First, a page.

My first attempt to improve this was to see if the grass was greener at GitHub’s with their brand new GitHub Actions, and if it would result in an improved build duration. Although promising, I did not manage to run any of our chromedriver tests with their product, and execution time was anyway quite similar.

I then decided to go back to Semaphore and migrate from the classic plan to their new SemaphoreCI 2.0. The new Semaphore (like GitHub Actions btw) requires you to describe your CI pipeline in a YAML file committed along your source code. In this YAML file you can run docker containers, arbitrary shell commands or specific semaphore commands, including the very useful cache commands.

By using cache store and cache restore at strategic locations you can make most of your builds way faster:

  • by not re-downloading Elixir dependencies
  • not re-compiling all Elixir code, only updated code
  • not re-downloading NPM/Yarn dependencies

Pro tip: have a look at fail_fast and auto_cancel Semaphore settings. Real time savers!

#3 —Leverage on parallelism

Caching really helped, and at this step we could have stopped improving the process as our build time already went down to 6 minutes.

But reading SemaphoreCI documentation is insightful, and their concepts of blocks and jobs that can run either sequentially or in parallel suggest there is still room for improvement!

Our build was really straight-forward then:

The first improvement is to run in parallel what can be done in parallel:

  • mix credo (the Elixir code analysis tool) and mix test can be run at the same time. With a fail-fast strategy that stops running tests whenever credo fails, it can be a real time saver!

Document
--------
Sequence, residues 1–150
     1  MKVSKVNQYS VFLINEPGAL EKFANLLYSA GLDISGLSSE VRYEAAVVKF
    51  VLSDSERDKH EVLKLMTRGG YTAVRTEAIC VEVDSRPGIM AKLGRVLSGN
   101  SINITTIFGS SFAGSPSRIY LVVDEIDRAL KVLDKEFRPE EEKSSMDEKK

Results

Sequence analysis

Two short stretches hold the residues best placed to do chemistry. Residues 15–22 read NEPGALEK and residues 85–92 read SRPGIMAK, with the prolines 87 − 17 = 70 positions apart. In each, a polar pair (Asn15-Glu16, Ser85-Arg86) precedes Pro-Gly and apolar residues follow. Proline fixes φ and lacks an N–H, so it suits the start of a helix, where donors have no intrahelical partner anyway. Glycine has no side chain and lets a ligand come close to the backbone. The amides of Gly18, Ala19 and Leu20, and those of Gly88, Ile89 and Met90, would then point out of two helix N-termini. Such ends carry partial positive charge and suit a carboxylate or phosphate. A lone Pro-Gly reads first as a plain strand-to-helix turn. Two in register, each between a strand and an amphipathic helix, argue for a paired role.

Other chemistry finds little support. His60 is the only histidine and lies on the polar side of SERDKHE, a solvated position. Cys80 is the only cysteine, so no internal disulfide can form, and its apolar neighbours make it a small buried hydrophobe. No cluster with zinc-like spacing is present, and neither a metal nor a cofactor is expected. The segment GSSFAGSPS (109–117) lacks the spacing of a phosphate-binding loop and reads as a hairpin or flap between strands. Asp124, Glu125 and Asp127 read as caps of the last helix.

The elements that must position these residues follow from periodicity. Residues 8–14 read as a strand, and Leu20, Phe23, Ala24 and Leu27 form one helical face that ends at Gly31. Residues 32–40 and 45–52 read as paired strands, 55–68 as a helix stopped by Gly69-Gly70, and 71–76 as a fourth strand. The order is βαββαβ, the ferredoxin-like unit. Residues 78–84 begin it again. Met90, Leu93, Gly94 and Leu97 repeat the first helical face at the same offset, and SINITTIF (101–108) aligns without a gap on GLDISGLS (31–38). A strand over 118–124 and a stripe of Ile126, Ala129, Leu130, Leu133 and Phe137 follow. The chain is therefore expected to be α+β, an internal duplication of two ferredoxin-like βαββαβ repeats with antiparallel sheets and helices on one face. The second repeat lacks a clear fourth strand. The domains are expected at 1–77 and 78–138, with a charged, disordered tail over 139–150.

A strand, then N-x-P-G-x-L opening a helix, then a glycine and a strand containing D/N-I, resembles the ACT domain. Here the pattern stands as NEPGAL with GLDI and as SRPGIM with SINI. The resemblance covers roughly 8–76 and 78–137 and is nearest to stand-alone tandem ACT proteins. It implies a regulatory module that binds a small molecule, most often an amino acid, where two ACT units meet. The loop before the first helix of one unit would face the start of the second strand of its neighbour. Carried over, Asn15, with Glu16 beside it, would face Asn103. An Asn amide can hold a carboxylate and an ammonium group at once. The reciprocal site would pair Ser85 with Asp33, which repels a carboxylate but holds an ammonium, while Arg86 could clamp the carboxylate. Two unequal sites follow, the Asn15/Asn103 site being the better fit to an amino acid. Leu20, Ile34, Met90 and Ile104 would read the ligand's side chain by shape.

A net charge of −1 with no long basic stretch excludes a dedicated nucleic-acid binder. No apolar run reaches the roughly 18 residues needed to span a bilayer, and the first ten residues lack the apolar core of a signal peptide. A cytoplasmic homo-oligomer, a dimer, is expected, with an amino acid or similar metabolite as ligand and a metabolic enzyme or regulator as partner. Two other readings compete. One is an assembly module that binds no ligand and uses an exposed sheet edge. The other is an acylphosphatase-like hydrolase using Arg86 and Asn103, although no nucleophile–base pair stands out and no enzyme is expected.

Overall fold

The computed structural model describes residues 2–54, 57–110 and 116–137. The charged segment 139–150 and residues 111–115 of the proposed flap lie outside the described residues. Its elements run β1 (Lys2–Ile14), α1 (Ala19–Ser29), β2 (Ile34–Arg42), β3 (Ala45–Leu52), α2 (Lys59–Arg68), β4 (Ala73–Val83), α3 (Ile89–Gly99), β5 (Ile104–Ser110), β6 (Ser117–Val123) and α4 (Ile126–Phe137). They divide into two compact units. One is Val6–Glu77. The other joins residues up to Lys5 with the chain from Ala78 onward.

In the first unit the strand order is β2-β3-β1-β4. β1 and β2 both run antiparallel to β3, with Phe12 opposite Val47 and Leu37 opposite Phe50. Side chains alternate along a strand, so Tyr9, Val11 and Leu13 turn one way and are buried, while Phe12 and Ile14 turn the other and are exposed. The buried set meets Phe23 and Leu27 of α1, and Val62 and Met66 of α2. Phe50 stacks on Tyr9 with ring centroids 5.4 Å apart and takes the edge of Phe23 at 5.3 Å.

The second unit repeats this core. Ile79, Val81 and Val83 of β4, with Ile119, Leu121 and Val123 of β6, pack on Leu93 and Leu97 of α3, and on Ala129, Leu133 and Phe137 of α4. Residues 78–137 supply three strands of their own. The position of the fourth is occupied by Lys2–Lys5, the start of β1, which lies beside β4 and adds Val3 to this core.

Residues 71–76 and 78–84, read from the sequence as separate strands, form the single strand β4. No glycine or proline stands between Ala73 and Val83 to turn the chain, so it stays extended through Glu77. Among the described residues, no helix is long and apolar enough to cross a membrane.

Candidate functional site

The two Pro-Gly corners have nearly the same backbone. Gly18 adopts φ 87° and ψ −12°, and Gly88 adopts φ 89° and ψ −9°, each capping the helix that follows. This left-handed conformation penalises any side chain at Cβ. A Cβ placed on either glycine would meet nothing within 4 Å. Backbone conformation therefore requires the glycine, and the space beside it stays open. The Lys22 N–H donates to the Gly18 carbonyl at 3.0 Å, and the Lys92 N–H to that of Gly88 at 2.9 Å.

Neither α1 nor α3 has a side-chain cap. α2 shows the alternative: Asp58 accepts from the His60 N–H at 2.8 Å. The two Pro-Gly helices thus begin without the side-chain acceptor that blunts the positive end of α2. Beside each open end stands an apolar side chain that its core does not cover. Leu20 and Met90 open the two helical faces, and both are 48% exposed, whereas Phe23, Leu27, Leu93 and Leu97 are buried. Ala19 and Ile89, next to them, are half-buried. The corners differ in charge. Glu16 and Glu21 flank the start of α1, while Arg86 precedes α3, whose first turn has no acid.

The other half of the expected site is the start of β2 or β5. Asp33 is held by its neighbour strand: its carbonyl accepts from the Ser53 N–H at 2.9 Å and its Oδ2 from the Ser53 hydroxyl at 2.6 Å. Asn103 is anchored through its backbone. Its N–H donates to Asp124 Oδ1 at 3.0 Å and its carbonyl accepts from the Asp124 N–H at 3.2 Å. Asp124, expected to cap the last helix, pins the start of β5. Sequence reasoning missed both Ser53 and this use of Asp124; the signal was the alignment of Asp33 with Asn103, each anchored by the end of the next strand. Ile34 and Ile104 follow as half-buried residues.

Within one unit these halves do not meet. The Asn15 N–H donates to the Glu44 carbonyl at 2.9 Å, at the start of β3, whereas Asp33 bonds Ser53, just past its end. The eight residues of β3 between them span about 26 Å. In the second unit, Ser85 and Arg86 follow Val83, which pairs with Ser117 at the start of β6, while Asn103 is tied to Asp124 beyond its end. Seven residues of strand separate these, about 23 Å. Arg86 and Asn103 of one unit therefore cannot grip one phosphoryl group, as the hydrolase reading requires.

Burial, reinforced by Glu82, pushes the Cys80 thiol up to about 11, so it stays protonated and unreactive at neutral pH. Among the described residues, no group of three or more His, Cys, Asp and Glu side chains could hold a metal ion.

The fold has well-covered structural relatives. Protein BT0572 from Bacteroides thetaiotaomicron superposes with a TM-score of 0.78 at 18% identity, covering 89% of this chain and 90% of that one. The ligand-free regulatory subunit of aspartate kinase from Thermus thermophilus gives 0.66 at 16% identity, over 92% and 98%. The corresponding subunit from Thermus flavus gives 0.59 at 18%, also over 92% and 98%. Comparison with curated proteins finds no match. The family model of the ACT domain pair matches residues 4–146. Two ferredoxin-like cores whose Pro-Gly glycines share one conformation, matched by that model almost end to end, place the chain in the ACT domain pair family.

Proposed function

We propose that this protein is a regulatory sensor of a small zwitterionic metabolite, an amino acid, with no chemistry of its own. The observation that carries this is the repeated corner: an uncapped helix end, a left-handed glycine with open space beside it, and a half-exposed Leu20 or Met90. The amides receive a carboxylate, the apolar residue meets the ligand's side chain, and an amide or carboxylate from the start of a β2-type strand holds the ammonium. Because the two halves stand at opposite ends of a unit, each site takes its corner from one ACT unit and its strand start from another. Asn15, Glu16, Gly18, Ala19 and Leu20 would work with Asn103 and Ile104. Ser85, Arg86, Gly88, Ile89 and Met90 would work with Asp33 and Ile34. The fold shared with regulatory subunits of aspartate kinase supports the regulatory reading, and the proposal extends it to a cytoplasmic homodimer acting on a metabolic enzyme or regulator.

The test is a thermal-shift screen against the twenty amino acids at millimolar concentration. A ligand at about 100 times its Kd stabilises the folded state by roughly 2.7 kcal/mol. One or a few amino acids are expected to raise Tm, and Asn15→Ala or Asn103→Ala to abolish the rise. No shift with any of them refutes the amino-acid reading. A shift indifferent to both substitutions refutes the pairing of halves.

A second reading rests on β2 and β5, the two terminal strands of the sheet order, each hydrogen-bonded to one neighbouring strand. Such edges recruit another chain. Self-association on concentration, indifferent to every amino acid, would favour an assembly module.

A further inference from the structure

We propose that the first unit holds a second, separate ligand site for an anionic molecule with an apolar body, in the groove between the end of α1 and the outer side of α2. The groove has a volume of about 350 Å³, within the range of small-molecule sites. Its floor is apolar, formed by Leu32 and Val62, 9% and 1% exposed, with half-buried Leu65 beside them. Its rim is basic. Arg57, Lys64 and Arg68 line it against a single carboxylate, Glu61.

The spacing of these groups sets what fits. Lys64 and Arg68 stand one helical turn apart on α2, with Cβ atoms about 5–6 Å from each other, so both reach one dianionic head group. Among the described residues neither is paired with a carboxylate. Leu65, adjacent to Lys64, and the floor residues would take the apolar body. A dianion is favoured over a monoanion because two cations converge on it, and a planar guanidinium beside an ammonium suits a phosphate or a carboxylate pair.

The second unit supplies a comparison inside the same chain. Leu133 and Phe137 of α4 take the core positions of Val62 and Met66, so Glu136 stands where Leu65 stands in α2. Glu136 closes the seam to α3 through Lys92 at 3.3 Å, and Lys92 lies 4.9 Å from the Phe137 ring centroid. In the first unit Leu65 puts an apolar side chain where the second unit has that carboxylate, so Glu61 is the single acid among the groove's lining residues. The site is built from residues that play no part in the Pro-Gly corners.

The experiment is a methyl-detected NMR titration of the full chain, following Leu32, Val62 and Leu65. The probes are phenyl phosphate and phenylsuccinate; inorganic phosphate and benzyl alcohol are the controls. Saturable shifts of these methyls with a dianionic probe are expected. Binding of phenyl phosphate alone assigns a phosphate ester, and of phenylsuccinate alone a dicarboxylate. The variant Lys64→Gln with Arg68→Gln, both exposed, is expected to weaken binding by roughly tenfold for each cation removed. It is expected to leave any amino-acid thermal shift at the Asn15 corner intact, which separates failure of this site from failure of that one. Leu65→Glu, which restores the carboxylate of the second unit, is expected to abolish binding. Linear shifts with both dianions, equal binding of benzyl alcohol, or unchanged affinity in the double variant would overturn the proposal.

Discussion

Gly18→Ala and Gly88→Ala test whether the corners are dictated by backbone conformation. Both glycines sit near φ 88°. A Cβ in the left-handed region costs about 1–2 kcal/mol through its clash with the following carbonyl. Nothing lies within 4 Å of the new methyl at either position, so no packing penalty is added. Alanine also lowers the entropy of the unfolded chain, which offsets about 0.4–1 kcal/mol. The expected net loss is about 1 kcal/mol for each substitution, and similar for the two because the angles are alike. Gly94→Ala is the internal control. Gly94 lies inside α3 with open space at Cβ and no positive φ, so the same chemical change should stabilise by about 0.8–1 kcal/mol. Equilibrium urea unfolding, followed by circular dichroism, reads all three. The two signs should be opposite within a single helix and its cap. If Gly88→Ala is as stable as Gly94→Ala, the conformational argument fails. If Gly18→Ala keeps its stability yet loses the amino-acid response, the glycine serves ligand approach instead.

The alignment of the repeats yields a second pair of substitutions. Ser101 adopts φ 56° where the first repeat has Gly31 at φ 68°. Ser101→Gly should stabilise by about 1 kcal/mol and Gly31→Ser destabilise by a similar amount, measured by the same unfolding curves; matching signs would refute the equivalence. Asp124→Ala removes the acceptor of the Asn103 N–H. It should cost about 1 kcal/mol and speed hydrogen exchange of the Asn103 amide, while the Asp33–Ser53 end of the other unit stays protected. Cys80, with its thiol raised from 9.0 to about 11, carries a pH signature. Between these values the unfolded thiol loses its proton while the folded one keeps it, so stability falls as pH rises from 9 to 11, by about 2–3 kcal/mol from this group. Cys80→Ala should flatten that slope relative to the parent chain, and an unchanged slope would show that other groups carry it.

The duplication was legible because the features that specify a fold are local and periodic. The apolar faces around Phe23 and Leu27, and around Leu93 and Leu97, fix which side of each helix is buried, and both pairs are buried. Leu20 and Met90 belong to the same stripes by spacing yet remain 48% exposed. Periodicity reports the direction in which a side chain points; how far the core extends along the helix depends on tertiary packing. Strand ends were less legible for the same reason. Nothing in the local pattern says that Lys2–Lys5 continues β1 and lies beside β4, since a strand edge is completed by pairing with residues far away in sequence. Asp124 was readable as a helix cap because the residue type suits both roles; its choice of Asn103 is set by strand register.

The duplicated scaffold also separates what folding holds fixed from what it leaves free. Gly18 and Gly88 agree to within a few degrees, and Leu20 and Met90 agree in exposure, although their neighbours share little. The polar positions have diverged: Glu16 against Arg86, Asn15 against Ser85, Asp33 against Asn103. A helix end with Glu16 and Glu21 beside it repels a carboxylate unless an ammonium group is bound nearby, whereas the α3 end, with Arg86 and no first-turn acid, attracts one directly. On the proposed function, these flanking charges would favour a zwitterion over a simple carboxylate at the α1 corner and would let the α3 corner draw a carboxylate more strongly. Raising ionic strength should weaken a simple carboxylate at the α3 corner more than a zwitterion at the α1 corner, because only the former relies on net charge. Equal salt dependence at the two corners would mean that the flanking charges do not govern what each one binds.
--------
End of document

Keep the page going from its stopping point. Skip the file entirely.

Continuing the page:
• JS & CSS assets can be compiled at the same time than Elixir code: it can save up to one minute.

The final step is to split our tests in different batches to also run them in parallel. I wrote this custom test runner (which simply wraps mix test shell command) that splits all test files in N batches (by hashing their filename) and only runs a single batch out of N:

# Run all tests in 4 random batches
$> mix n_test 1 4
$> mix n_test 2 4
$> mix n_test 3 4
$> mix n_test 4 4

You can then leverage on SemaphoreCI parallelism to run a single task N times with an incremental index passed as an environment variable.

Our CI finally looks like this, running at a solid and steady 3mn pace!

Pro tip: save time at learning Semaphore by reading our build pipeline setup

Wrapping up

It has been known for years how important Continuous Integration is, for any size of software team. But it should be a source of trust, happiness and increased productivity, never a source of frustration!

So start paying attention, and maybe some of the guidelines in this post will help you at improving your CI build!

NB - I was not paid by SemaphoreCI to write this article, so feel free to experiment with any other CI software, as long as it offers you caching & parallelism.

Author

Christian Blavier

Currently VP Technology at PhenixDigital, I'm a passionate Elixir, Ruby & JS programmer. Former founder and CTO at sharypic.com, folyo.me.